Examining the effectiveness of the Direct Tax Code

Published: Last Edited:

This essay has been submitted by a student. This is not an example of the work written by our professional essay writers.

New Delhi:  More NRIs may fall under the tax net if the Direct Taxes Code (DTC) Bill proposal to impose a levy on their global income if they stay in India for more than 60 days in a year is approved by Parliament.

As per the existing Income Tax laws, an NRI is liable to pay tax on global income if he is in India in that year for a period or periods amounting to 182 days.

Furthermore, in case an NRI resides in India for a period of 365 days or more over a period of four years prior to the assessment year, he is also liable to pay tax on his global income.

The new DTC Bill has proposed to make an NRI liable to pay tax on global income is he resides in India in a particular year for a period or periods amounting to 60 days, down from the existing provision of 182 days in the existing

Income Tax Act:

However, the present dispensation for taxation of global income if an NRI resides in India for 365 days or more over a four-year period has been retained in the proposed DTC.

The DTC hopes to plug loopholes with the proposed changes with the aim of preventing tax evasion through this route, said a senior Finance Ministry official.

In addition, the DTC has also removed the 'Resident Not Ordinarily Resident (RNOR)' category to simplify the tax laws, the official said.

Now, there will be only two categories, 'Resident' and 'Non-Resident', the official added.

Commenting on the proposal PwC Executive Director (Tax) Kuldeep Kumar said, "With this change, a non-resident would be at greater risk of becoming an ordinary citizen and become liable to pay tax in India as the threshold limit has been


There would be liability on a resident belonging to a country where the tax rate is lower than India and there is a Double Taxation Avoidance Agreement (DTAA) between both the countries. 

The non-resident would be considered a resident if the threshold limit of stay has been exceeded for the purpose of imposing tax.

In the case of a resident of a non-treaty country, which India has no DTAA with, the tax burden would be higher if he exceeds the threshold limit of stay in India, Kumar said, adding that he has to pay tax on all the global income in India as well as the country of residence as per the

prevailing tax laws of that country.


 At present, India has comprehensive DTAAs with about 74 countries, including the USA, Singapore, UK, Thailand, South Africa, Saudi Arabia, New Zealand and Australia.

Experts feel that the DTC proposal could be a damper for NRIs visiting India to meet their relatives or for business promotion. 

(B). New Direct Tax Code: Pay less in taxes from April 2011

New Delhi:  A windfall for taxpayers from the next financial year. You will in fact have to pay less Direct tax in every slab of income. This comes with the Cabinet clearing the Direct tax code.

The much-awaited Direct Taxes Code (DTC) Bill is likely to be tabled in Parliament during the ongoing Monsoon session and thereafter it may be referred to a select committee of members of both houses of Parliament.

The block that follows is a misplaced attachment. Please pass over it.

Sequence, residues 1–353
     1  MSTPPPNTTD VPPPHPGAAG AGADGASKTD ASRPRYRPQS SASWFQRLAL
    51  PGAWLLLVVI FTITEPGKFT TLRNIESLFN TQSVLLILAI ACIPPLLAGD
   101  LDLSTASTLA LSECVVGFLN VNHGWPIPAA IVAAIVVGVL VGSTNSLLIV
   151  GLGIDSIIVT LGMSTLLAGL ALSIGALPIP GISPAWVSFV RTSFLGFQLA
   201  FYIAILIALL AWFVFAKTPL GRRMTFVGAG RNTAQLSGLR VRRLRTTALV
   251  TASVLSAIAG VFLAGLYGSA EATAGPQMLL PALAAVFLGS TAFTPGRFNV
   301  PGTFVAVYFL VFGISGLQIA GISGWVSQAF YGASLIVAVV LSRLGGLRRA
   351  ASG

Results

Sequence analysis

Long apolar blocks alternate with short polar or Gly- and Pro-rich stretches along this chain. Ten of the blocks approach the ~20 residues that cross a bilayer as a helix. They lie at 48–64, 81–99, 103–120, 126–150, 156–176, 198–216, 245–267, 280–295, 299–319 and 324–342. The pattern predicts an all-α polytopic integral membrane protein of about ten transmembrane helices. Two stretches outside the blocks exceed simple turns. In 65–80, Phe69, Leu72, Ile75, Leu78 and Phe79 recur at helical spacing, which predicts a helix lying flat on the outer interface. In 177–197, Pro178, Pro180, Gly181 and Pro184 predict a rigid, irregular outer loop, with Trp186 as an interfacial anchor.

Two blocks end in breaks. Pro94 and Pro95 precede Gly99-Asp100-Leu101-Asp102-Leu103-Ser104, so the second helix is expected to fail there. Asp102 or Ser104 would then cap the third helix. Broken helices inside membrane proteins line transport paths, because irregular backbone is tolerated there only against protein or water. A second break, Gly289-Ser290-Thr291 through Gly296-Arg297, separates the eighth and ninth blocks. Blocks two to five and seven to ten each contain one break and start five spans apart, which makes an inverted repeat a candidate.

The new provisions under the Direct Tax Code are as follows:

Tax for income between Rs. 2 lakh - Rs. 5 lakh: 10%

Tax for income between Rs. 5 lakh - Rs. 10 lakh: 20%

Tax for income over Rs. 10 lakh: 30%

The limit for exemptions for salaried people is Rs. 2 lakh, while that for senior citizens is Rs. 2.5 lakh. 

The new Code comes into effect from April, 2011.

After the approval of the Cabinet, the decks are cleared for tabling the legislation in the Monsoon Session of Parliament so that the new Act ushering in reduced tax rates and exemptions may come into effect from next fiscal.

When enacted, the Code will replace the archaic Income Tax Act and simplify the whole direct tax regime in the country.

The Code aims at reducing tax rates, but expanding the tax base by minimising exemptions.

The Finance Ministry had earlier come out with a draft on the (Direct Tax Code) DTC bill, some of whose provisions drew strong criticism from industry as well as the public.

To address those issues, the ministry brought out the revised draft, dropping earlier proposals of taxing provident funds on withdrawal and levying Minimum Alternate Tax on corporates based on their assets.

"As of now, it is proposed to provide the EEE (Exempt-Exempt-Exempt) method of taxation for Government Provident Fund (GPF), Public Provident Fund (PPF) and re cognized Provident Funds (RPF) ...", the revised DTC released by the Finance Ministry said.

The revised draft also puts pensions administered by the interim regulator PFRDA, including pension of government employees who were recruited since January 2004, under EEE treatment.

The first DTC draft had proposed to tax all savings schemes including provident funds at the time of withdrawal bringing them under the EET (Exempt-Exempt-Tax) mode.

Under the EEE mode, the tax exemption is enjoyed at all the three stages - investment, accumulation and withdrawal.


the earlier DTC draft had proposed to reduce the corporate tax to 25 per cent from the present 30 per cent. The revised proposal has also made it clear that tax incentives on housing loans will continue. Payment on interest on housing loans up to Rs. 1.5 lakh will continue. The earlier draft was silent on housing loans

(C)Impact of DTC